Flying above the rules? Rite Aid chairman: Grass isn't getting special treatment, but county needs a solution.

October 16, 1997

NEIGHBORS ANGRY at Rite Aid Corp. Chairman Martin Grass for landing his helicopter near his home in the Green Spring Valley seem to have the law on their side. Baltimore County zoning regulations do not allow helicopter landings and takeoffs in agricultural areas.

However, neighbors are feeling a false sense of victimization. They say Mr. Grass is receiving special treatment because he's rich (an amusing contention, since they are wealthy, too).

Yet Mr. Grass has been inspected, cited and fined just like any other citizen who breaches the law. Complaining neighbors have been told to prepare to testify in court.

Baltimore County officials, including Executive C. A. Dutch Ruppersberger, are trying to find Mr. Grass a legal heliport. If that is special treatment, it is not a function of wealth.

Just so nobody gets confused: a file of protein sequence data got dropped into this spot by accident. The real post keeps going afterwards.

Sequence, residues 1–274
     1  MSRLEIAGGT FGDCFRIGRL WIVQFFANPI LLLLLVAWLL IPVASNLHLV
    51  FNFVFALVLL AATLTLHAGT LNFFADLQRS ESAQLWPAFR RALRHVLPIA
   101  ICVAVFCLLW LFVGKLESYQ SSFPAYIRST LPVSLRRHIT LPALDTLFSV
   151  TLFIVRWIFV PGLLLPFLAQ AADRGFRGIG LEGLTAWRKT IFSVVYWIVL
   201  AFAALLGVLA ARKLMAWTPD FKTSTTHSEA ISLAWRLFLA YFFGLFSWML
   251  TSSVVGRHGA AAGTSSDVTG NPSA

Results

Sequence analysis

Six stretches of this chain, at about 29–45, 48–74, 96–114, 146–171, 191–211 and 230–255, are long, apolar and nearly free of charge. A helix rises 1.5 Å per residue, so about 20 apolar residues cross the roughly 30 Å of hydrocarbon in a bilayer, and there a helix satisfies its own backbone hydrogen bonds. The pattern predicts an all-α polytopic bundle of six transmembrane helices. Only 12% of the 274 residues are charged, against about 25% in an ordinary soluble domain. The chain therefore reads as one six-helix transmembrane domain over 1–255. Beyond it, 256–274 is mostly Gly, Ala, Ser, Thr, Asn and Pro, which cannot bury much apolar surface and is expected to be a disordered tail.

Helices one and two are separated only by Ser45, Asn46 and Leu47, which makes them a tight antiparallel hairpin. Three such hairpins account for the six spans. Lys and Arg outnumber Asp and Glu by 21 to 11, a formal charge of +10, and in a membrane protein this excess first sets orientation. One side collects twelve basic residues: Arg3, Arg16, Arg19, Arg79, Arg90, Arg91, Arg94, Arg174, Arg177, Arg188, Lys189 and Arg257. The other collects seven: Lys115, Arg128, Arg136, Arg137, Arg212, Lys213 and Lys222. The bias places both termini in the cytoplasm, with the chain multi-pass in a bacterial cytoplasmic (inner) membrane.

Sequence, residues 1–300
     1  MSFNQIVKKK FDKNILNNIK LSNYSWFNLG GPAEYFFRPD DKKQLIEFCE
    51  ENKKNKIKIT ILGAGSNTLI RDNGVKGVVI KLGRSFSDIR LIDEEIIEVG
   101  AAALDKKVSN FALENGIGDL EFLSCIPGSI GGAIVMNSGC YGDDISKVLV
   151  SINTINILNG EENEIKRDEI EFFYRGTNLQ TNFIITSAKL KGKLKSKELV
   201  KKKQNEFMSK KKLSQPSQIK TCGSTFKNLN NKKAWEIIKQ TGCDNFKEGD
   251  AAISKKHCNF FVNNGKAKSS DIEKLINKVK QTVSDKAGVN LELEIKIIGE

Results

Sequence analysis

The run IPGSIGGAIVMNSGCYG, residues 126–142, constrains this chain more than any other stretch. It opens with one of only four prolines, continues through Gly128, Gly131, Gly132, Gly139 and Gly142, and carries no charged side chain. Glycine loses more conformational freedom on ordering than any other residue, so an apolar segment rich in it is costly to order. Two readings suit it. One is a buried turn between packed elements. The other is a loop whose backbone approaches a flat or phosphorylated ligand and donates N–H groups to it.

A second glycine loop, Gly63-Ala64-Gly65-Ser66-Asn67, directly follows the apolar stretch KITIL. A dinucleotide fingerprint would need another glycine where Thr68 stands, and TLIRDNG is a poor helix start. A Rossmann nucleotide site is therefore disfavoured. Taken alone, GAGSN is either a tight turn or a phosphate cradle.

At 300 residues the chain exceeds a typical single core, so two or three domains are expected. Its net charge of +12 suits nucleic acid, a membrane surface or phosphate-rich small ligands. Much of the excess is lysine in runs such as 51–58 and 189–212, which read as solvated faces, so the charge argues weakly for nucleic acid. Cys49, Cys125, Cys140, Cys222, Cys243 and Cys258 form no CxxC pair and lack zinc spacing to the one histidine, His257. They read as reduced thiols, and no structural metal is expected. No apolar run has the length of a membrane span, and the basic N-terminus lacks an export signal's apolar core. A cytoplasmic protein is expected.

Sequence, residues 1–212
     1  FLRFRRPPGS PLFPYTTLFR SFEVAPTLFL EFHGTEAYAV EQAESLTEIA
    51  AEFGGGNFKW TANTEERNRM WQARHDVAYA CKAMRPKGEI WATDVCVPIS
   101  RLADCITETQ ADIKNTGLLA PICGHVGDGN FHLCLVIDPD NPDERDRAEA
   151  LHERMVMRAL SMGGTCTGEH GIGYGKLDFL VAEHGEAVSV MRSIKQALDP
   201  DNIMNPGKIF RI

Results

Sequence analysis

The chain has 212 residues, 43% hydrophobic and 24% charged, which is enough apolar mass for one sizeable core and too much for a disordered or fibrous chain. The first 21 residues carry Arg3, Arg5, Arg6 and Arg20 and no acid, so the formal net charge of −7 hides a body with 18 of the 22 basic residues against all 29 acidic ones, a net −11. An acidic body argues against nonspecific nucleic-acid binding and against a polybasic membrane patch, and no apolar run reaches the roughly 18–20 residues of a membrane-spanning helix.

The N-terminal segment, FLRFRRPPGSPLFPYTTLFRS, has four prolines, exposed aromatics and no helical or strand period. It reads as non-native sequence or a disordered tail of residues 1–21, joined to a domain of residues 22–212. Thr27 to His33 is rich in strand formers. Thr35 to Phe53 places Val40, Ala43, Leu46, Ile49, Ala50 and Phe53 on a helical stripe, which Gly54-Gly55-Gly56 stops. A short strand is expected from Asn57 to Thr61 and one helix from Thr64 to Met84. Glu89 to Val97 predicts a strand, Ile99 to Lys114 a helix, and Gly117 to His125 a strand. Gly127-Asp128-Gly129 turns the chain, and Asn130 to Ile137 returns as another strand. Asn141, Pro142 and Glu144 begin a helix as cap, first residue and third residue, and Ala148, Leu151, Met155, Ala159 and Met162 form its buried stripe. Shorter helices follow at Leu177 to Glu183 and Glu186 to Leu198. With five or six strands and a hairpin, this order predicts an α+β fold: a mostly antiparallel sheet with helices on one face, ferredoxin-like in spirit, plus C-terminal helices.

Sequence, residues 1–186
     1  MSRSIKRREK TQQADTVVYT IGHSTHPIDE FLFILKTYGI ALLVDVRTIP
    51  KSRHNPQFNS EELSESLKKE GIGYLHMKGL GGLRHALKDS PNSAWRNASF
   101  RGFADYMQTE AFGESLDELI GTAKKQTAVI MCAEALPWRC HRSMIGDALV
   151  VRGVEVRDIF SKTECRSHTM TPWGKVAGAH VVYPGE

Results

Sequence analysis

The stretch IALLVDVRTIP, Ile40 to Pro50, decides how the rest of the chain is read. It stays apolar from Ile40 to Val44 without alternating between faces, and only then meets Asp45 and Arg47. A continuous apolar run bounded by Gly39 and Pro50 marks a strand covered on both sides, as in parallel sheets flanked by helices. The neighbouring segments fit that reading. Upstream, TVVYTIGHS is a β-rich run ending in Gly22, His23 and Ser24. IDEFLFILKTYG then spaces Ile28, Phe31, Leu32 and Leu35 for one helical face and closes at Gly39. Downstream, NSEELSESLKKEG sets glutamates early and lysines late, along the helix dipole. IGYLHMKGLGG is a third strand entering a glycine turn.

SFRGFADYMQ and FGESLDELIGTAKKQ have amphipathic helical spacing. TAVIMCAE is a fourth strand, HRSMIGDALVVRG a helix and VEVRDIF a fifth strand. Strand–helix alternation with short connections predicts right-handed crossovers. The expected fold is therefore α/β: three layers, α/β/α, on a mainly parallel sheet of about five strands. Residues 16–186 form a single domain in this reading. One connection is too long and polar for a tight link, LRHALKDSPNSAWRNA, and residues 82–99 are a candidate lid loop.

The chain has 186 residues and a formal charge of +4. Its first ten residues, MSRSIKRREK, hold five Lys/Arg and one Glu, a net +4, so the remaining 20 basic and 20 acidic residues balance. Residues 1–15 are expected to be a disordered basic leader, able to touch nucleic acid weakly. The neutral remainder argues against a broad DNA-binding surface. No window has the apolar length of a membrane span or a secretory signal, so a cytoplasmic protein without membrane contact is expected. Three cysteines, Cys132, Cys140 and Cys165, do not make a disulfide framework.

The rich are not the only people whose businesses, hobbies and home improvement projects local governments sometimes seek to facilitate or bring into compliance.

There is no use pretending that corporate heavyweights are like the rest of us. They possess leverage. Their problems inextricably overlap with economic development because they have power over the placement of jobs.

No one, of course, is above the law, Yet there is nothing wrong with officials trying to settle disputes, legally and within acceptable limits, before an executive used to getting his way punishes other citizens by moving their jobs out-of-state.

The county must cite Mr. Grass if violations persist. His corporate position should not be at issue when his hearing for a special exception to operate an ''airport'' -- a permitted use in rural zones -- comes up next month.

But neither should officials be accused of kowtowing to a rich man if this case prompts changes in 50-year-old zoning rules. The use of helicopters by executives is growing; the need for acceptable landing sites is real.

Moreover, this case raises an interesting point: Why are airports permitted in extremely rural areas when helipads and heliports -- far less intense uses -- are not?

Pub Date: 10/16/97

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